Last week we found ourselves attending a first birthday BBQ. It was one of these events where many different friend and family circles were brought together and the only people I knew were the hosts. So me being me went about making conversation with a group of women similar ages to myself. As is the way now the twins broke the ice, and I was inundated with the usual twin questions: Do twins run in your family? Was it a surprise to find out you were having twins? How do you cope? And so on. Once all the twin niciestes were out of the way I got chatting to a first time mummy to be. One of the first questions I found myself asking her was “Do you have any close friends with young babies?” The sense of relief I felt when she told me her next door neighbour has a young baby. It made me happy to know she wouldn’t be on her own.
But why? Why did I care so much that people around her had babies? Because being a mother can be lonley, especially becoming a mummy for the first time.
Reflecting back to my experience on maternity leave with Finlay (our first born) compared to that with the twins, I was lonely. At the time I wouldn’t have said I was lonely. I went to visit my mum every other day and busied myself with walks to the park or household chores. But I lacked “mummy” friends. Women who also had a baby. Women who were going through the same thing as me. Women who I could bring my baby related questions to. It came as no surprise that I enjoyed returning to work (after I got over my initial guilt of leaving him!) I enjoyed having adult company and conversation.
Fast forward three years to when the twins were born. Life was fuller and busier as I now had three young children to look after. The early days were purely survival and they blurred into one as David and I were like robots, programmed to follow the same daily pattern. I didn’t have time to be lonley or even time to reflect on my mothering techniques. But as the months flew by I decided to push myself out a little more and along with my mum, I attended a baby massage class.
I throughly enjoyed the classes, as did the twins! There I could chat to other mums and the nice thing about it was most of them were second time mums like me. After the class ended we set up a Facebook group to keep in touch and began arranging baby play dates.
This support network has to be one of the things I miss most since our family moved. It’s hard moving to a new area, building a new routine and leaving all those who supported you behind. I didn’t realise how fortunate I was to have both my mother and mother in law living 5 minutes away. To have my sister pop in on her way home from work. To have our good friend Andrew who was willing to babysit once a week and to have such like minded mummies to moan to. All of these made parenting three young children much easier.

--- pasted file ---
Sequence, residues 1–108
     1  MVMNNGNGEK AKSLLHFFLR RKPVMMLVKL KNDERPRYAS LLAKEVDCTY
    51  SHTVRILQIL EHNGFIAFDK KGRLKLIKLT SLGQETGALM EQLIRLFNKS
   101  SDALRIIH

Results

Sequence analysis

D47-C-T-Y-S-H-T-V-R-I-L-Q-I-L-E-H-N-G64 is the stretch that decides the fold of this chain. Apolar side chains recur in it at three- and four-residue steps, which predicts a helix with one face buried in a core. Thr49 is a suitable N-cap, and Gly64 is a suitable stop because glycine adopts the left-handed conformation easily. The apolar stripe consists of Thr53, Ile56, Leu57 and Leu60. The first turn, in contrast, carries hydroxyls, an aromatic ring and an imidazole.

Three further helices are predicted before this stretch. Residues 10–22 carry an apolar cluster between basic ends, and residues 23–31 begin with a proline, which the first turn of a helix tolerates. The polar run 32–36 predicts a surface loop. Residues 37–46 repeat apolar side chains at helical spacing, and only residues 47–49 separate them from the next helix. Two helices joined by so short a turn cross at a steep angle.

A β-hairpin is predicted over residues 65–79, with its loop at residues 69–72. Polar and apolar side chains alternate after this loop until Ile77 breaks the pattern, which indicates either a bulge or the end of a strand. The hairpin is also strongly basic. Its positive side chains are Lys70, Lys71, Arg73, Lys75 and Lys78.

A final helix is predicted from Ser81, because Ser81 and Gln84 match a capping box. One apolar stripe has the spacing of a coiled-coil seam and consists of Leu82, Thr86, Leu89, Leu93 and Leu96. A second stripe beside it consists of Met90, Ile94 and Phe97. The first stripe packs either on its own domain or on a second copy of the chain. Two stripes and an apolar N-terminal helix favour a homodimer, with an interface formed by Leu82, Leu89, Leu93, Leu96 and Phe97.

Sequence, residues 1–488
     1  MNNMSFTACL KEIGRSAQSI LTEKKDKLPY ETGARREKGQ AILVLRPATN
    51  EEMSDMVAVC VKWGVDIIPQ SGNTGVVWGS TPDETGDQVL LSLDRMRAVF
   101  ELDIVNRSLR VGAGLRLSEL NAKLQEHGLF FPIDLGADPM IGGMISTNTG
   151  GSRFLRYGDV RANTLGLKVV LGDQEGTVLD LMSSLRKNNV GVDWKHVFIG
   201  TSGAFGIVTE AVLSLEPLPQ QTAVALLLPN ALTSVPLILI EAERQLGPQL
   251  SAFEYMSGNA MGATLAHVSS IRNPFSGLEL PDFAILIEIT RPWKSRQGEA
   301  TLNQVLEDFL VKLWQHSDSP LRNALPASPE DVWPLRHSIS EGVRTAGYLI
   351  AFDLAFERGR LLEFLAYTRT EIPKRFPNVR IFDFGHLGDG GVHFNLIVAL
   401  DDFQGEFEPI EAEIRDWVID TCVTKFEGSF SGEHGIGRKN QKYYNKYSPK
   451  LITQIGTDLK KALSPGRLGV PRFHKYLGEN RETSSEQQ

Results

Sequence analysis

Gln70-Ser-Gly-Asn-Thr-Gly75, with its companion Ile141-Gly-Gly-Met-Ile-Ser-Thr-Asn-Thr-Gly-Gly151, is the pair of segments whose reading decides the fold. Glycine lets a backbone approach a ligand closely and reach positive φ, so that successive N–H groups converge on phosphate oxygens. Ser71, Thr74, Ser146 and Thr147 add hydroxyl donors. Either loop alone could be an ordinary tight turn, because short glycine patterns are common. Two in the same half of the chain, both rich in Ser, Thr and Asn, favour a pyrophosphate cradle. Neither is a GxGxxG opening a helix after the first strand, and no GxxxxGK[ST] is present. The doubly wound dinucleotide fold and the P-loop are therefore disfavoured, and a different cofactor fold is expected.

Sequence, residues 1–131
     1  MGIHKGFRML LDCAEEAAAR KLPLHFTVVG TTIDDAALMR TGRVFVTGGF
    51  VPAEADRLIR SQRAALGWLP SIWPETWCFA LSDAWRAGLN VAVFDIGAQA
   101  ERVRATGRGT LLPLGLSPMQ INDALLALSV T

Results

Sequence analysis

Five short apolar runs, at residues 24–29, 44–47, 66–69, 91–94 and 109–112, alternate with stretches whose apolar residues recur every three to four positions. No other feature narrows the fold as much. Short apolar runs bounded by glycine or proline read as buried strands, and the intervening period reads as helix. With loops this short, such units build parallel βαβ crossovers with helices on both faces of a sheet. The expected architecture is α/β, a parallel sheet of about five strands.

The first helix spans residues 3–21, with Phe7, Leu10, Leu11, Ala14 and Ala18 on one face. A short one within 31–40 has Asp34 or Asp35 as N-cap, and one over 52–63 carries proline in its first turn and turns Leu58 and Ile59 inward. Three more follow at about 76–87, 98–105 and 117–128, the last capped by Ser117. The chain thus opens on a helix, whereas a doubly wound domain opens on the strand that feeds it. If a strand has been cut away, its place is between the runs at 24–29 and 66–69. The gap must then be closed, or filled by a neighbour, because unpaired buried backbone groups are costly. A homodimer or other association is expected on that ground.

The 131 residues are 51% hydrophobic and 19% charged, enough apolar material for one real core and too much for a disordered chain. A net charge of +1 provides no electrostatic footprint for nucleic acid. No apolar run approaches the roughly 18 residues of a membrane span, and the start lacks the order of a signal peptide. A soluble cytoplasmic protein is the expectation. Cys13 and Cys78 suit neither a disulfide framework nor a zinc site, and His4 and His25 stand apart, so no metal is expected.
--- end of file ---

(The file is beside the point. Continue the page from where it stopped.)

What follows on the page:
As I journey through motherhood, entering new phases and stages of development each one poses it’s own set of trials and challenges. The challenges of this phase: making sure David and I spend time together away from our children, juggling appointments and necessities while being each other’s babysitter and making new friends.
How do I plan to tackle these challenges? By settling myself “support” goals:
- To push myself out and attend more baby classes with the twins
- To spend time cultivating the friendships I’ve already created.
- Be a bit forthcoming with brothers (who live near us) and ask them to babysit, even just once a month would make a massive difference!
- Sit down with David and sync our diaries. That way we both can participate in extra curricular activities while also managing to spend time together watching our latest boxset.
- Make sure our family visit as much as they can, as travelling “home” is too long and expensive a journey at this time of year with 3 young children. We now have a spare room!
I shall begin with these goals and see how I get on. It’s not going to be as easy or comfortable as it was but I’ve found from the past that the times I am pushed out of my comfort zone are those when I grow the most.
Here’s to our support networks. The people who don’t even know they are making a difference in our lives. Here’s to trying our hardest not to take them for granted as you never know the day when circumstances will change!